And G‑d said to Moses, "Say to the priests, the sons of Aaron, saying, 'Don't become defiled through contact with the dead ones among your people'". (Lev. 21:1-2)

"A Song of Ascents, I lift my eyes to the mountains. From where will come my help? My help comes from G‑d, the Creator of the Heavens and the Earth." (Psalms 121:1)

The purpose of a tzadik in this world is to elevate Jewish souls. When he discerns that in some Jew lies a dormant spark of holiness ready to be set aflame, he must do whatever it will take to elevate that soul to its pure and lofty source. Even though the tzadik may at times put himself in danger and risk the purity of his own soul, his obligation nevertheless remains the same, and G‑d will surely be his support.

In Psalm 121, King David alluded to this idea: "I lift my eyes to the mountains…". Tzadikim likened the evil inclination to a mountain (Talmud Sukka 52a). When a tzadik lowers himself to bring up the sparks and elevate a Jewish soul, he may find himself in danger, in lower plane of existence rampant with husks of impurity and filth, i.e. "…I lift my eyes to the mountains…" - all around him are the temptations of the evil inclination, he is in grave danger of falling prey its ruses and wiles. Mountains melt like wax before G‑d…

Therefore King David said, "My help comes from G‑d, the Creator of the Heavens and the Earth". G‑d will be the support of the tzadik, as it is written, "Mountains melt like wax before G‑d, before the Master of the World." (Psalms 97:5) The tzadik need not fear any impure husks, nor the wiles of the evil inclination. G‑d surely protects him when he descends to rescue sparks of holiness and elevate Jewish souls.

This is all alluded in our verse, "Say to the priests, the sons of Aaron, saying, 'Don't become defiled through contact with the dead among your people.'" "Say" and "saying", says Rashi, teaches us that the older/greater generations must instruct the younger/lesser generations concerning these laws. The "older/greater" are the priests who go descend to a place of "smallness", to elevate souls. And the priests are the great tzadikim, as it is written, "…he was a priest to G‑d, the Most High." (Gen. 14:19)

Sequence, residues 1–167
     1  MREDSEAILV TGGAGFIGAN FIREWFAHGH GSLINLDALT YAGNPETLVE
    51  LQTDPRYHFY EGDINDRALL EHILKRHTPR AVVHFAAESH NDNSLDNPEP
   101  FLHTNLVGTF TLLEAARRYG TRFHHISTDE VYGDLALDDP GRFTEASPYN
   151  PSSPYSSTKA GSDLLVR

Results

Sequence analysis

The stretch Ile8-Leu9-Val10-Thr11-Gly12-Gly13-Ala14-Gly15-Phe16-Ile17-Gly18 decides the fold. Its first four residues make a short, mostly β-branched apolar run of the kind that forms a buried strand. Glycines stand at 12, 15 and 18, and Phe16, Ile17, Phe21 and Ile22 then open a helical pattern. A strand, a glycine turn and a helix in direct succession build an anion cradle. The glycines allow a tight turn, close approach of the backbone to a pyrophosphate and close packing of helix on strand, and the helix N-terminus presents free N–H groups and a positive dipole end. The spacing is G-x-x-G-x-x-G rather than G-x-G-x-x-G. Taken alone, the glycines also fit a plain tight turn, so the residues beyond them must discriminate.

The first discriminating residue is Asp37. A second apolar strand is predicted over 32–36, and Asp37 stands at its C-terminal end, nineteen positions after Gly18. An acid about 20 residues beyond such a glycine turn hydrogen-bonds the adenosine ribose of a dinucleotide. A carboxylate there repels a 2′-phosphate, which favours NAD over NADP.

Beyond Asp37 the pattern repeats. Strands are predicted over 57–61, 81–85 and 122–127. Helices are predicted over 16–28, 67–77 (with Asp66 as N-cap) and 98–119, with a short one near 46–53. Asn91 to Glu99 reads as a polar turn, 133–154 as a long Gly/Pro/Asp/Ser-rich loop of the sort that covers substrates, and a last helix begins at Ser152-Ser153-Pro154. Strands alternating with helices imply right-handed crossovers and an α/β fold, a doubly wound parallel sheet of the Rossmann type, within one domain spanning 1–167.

"…the sons of Aaron...": The priests/tzadikim are also assisted by the merit of their ancestors when they endanger themselves to rescue and elevate Jewish souls.

"…Don't become defiled through contact with the dead ones [in Hebrew, 'l'nefesh', meaning 'for the soul'] among your people.": When the priests/tzadikim descend to elevate Jewish souls, they need not fear they will fall into danger and suffer spiritual defilement. With G‑d's help and with ancestral merit, they will succeed in rescuing and redeeming Jewish souls, purifying them and elevating them to the lofty source from which they originally emanated.

[First published in B'Ohel Hatzadikim, Emor 5760]